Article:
In the mid-west we are known for our casseroles and hot dishes. If you grew up here you might have memories of eating mounds of tater tot hot dish or green bean casserole. These recipes probably involved some variation of vegetables and/or tater tots swimming in a pool of condensed mushroom soup.
The word casserole itself has french origins. “Casse” refers to the type of pan that casseroles are usually cooked in. This makes sense as the early casserole was created in 1866 by a French Canadian named Elmire Jolicoeur who immigrated to New Hampshire. In the 1950s, preparation of casseroles became very popular and this had a lot to do with an increase in availability of light-weight glass and metal pans as well as modern inventions such as canned and processed food becoming available. People could easily create a dinner with canned goods.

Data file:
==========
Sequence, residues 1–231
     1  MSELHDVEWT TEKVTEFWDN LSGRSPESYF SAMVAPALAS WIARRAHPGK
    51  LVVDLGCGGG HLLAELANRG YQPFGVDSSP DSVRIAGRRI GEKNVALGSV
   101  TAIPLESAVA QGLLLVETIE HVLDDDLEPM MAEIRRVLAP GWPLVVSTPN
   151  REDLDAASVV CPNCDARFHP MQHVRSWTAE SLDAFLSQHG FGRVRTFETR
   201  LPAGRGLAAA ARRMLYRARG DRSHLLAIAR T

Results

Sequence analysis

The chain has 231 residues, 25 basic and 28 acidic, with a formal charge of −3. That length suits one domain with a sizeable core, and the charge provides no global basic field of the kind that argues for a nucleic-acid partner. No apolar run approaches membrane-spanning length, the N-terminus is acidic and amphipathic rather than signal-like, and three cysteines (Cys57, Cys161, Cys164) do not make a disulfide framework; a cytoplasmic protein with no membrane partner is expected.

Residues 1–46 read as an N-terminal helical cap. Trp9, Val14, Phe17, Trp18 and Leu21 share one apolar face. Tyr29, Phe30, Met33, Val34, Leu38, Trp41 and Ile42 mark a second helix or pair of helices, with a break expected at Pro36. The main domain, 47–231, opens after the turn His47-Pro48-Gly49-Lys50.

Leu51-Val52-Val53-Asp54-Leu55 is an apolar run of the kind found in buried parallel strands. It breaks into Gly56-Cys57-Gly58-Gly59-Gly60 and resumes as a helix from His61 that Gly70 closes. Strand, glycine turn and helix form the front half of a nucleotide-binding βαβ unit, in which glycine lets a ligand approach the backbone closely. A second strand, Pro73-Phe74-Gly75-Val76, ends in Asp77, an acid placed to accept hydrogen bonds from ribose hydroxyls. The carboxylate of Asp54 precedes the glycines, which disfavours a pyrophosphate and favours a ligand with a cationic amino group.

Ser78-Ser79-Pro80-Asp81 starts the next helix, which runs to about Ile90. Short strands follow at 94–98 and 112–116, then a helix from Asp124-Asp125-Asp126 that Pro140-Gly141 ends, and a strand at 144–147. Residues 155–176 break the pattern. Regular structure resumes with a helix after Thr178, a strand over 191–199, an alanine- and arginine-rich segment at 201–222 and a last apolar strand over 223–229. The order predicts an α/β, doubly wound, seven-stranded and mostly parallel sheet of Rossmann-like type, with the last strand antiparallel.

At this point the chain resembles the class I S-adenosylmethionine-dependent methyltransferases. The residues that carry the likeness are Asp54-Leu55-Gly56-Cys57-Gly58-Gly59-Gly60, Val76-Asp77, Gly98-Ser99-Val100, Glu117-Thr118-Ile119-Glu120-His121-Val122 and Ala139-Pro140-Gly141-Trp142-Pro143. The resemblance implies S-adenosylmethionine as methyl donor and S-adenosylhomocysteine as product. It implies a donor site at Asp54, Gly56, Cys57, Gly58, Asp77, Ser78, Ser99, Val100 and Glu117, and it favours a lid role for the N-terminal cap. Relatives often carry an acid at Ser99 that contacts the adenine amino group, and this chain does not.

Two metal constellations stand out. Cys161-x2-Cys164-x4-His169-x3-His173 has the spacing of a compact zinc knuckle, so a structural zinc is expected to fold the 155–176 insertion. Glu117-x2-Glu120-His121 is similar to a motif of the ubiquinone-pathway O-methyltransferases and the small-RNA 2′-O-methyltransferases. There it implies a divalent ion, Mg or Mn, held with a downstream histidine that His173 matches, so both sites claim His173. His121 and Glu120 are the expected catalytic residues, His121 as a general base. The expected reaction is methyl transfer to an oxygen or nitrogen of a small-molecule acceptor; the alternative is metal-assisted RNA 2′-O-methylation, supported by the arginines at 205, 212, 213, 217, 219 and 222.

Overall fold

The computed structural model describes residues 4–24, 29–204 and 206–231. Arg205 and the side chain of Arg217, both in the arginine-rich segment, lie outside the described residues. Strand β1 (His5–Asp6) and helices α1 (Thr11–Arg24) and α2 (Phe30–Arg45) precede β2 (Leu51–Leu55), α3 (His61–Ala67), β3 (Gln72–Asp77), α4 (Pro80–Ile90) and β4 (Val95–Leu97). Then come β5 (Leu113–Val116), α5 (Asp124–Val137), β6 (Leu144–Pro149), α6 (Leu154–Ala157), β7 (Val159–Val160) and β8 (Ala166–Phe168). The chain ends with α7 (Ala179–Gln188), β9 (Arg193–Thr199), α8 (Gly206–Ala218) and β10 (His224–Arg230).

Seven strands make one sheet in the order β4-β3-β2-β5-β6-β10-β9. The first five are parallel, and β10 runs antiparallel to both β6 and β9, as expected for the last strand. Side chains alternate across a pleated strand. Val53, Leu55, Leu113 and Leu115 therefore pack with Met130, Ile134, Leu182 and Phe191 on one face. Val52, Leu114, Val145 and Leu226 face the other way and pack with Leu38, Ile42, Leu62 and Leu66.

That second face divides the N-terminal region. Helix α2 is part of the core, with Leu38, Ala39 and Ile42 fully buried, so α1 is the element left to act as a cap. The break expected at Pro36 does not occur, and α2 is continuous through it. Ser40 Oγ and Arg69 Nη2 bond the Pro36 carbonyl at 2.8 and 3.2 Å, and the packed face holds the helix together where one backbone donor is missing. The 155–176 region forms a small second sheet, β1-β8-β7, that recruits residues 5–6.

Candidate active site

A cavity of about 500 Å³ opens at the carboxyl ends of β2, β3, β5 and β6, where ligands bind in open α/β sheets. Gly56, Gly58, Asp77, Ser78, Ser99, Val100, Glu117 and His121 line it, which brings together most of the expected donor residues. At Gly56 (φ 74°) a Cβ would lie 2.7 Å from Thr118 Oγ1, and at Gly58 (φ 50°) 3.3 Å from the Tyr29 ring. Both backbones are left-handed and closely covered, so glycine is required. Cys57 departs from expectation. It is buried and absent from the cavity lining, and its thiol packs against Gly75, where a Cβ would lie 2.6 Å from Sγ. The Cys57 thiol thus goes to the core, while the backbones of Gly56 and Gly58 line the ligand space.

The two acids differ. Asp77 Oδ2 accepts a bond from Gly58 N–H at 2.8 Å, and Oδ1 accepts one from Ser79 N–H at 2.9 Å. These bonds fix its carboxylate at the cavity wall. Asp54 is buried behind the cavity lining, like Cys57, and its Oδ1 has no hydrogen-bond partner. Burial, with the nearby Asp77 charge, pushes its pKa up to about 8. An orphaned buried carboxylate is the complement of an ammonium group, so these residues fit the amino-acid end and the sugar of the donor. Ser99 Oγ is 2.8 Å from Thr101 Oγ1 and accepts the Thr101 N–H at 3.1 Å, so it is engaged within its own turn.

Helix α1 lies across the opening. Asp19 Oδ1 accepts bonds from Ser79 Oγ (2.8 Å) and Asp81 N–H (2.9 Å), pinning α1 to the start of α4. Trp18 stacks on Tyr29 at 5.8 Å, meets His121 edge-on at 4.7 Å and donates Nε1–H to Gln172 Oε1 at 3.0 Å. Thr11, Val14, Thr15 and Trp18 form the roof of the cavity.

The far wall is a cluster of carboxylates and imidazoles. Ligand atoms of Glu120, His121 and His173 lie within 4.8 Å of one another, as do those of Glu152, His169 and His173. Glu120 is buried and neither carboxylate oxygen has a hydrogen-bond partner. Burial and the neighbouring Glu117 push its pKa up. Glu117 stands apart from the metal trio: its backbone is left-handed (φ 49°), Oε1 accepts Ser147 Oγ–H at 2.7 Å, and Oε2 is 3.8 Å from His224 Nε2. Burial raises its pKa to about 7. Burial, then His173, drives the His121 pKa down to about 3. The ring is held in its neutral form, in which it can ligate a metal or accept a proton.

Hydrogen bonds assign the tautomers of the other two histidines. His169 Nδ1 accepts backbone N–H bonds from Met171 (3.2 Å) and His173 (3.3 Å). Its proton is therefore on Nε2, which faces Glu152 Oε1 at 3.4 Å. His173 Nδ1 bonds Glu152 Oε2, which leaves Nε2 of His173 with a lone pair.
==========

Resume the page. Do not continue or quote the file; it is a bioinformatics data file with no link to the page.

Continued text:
What many seem to agree on in casseroles is the importance of a variety of textures. No one wants a casserole that is all soft and mushy! To add a bit of crunch dried onions are often added to the top of a green bean casserole and tater tots make up the crust of a tater tot casserole. In France, the gratin is what adds a texture to what is usually a soft inside.
Gratin refers to the brown crust of cheese and/or breadcrumbs a dish such as potatoes gratiné. Gratins can have a variety of ingredients such as vegetables, pasta, and seafood. Pretty much anything can be a gratin as long as it has that crunchy crust.
Fun Fact: “Le gratin” is also an idiomatic phrase that refers to being “the upper crust” of society.
Learn how to make a perfect gratin in our next cooking class: Winter Gratins, and hurry up we are almost sold-out!